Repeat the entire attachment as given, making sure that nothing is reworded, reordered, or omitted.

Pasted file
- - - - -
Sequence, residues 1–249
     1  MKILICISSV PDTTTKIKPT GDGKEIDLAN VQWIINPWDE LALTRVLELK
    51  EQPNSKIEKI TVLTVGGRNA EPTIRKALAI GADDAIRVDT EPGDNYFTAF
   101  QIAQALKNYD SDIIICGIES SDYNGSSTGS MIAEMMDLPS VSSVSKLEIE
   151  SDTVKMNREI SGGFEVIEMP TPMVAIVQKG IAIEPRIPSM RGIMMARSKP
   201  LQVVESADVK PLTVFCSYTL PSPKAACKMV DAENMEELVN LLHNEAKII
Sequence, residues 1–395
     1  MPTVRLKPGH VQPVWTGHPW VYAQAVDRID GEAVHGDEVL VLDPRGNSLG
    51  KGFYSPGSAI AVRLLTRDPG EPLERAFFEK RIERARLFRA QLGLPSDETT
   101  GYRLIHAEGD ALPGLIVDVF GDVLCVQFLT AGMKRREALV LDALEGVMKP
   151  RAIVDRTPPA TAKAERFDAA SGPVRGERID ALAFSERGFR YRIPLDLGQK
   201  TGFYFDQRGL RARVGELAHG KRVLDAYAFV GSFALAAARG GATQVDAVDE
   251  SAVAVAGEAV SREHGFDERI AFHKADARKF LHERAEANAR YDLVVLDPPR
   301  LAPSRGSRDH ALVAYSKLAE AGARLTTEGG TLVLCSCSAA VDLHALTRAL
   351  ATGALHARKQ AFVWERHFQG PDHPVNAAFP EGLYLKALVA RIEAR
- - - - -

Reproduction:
Sequence, residues 1–249
     1  MKILICISSV PDTTTKIKPT GDGKEIDLAN VQWIINPWDE LALTRVLELK
    51  EQPNSKIEKI TVLTVGGRNA EPTIRKALAI GADDAIRVDT EPGDNYFTAF
   101  QIAQALKNYD SDIIICGIES SDYNGSSTGS MIAEMMDLPS VSSVSKLEIE
   151  SDTVKMNREI SGGFEVIEMP TPMVAIVQKG IAIEPRIPSM RGIMMARSKP
   201  LQVVESADVK PLTVFCSYTL PSPKAACKMV DAENMEELVN LLHNEAKII
Sequence, residues 1–395
     1  MPTVRLKPGH VQPVWTGHPW VYAQAVDRID GEAVHGDEVL VLDPRGNSLG
    51  KGFYSPGSAI AVRLLTRDPG EPLERAFFEK RIERARLFRA QLGLPSDETT
   101  GYRLIHAEGD ALPGLIVDVF GDVLCVQFLT AGMKRREALV LDALEGVMKP
   151  RAIVDRTPPA TAKAERFDAA SGPVRGERID ALAFSERGFR YRIPLDLGQK
   201  TGFYFDQRGL RARVGELAHG KRVLDAYAFV GSFALAAARG GATQVDAVDE
   251  SAVAVAGEAV SREHGFDERI AFHKADARKF LHERAEANAR YDLVVLDPPR
   301  LAPSRGSRDH ALVAYSKLAE AGARLTTEGG TLVLCSCSAA VDLHALTRAL
   351  ATGALHARKQ AFVWERHFQG PDHPVNAAFP EGLYLKALVA RIEAR